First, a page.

Some 200,000 people, according to the police, demonstrated Saturday in Barcelona against the
trial of 12 independence leaders for the secession attempt of the
Catalonia in October 2017. One of the speakers in this rally, organized by parties and separatist associations, evaluated for its part 500,000 the number of participants, who marched behind a banner proclaiming "self-determination is not a crime ".
The protesters waved the Catalan separatist flag, blue, red and yellow, as well as placards: "Freedom for political prisoners". "All this is very sad. It is a political trial, made of manipulations to condemn them for something that is in no way a crime, "says Jesus Rodriguez, president of a group of" Castellers ". "What they want is to put them in prison, and as they know that voting is not a crime, they invent a violence that has not happened," the 48-year-old said.
Catalan separatists are demonstrating in Barcelona today under the slogan "self-determination is not a crime". pic.twitter.com/7TttLNigWK
– Elise Gazengel (@EliseGaz) February 16, 2019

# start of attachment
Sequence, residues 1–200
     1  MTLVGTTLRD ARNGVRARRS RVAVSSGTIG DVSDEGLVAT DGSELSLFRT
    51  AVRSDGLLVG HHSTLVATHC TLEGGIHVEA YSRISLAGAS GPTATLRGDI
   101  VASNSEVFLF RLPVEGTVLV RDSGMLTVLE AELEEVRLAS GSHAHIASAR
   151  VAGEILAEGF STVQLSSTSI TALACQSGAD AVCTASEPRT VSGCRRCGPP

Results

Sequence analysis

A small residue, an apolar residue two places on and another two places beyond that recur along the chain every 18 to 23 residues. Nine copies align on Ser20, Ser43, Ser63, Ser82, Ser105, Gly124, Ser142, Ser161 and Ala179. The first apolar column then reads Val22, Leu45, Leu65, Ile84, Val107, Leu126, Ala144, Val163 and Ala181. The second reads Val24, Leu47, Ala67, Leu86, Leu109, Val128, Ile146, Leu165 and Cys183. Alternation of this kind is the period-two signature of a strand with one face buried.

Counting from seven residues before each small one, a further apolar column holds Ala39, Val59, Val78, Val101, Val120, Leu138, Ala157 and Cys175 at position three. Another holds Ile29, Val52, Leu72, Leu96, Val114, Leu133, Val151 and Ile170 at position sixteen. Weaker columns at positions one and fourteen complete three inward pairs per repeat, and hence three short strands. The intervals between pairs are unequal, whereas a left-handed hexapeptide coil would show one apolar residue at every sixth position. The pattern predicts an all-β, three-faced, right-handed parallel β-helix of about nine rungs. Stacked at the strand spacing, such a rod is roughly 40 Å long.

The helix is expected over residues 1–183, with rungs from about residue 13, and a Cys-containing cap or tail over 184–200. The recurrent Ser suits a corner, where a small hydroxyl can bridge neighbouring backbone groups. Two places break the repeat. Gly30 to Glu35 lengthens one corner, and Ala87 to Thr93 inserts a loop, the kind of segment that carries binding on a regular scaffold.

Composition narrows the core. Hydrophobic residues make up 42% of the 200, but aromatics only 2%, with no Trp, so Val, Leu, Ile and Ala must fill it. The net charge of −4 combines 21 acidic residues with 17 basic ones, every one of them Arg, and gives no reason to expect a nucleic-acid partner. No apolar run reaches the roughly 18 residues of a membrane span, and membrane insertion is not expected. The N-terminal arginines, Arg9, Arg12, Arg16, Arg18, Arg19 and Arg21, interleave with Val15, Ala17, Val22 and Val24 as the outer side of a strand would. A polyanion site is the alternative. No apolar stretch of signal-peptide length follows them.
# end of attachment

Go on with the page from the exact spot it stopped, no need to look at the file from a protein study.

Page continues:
The issue of violence is at the center of the trial
As a reminder, 12 independentist Catalan leaders have been tried since Tuesday in Madrid for the attempted secession of Catalonia in October 2017. They are accused in cases of "rebellion", "embezzlement" and "disobedience".
After organizing a referendum for self-determination banned by the justice system on 1 October 2017, the separatists proclaimed an independent Catalan republic a few weeks later, on 27 October, triggering the most serious political crisis that Spain has known since the end of the century. of Francoism. Was there then violence? The question is at the center of the trial, the disputed charge
of "rebellion" which implies a violent uprising. The prosecution supports him, but the separatists claim that the only violence was that of the police on the day of the referendum, whose images went around the world.
All Spain can follow live the proceedings broadcast on television
Thursday, under the auspices of the Supreme Court and the gaze of the seven judges sitting overhanging, former Catalan independence vice president Oriol Junqueras claimed last Thursday "with passion" his fight for the "Catalan Republic."
With him, 11 other former independence leaders appear in the majestic plenary meeting hall of the highest court in Spain. At the very place where the Spanish King Felipe VI ritually presides over the launching of the judicial year. All Spain can follow live the proceedings broadcast on television.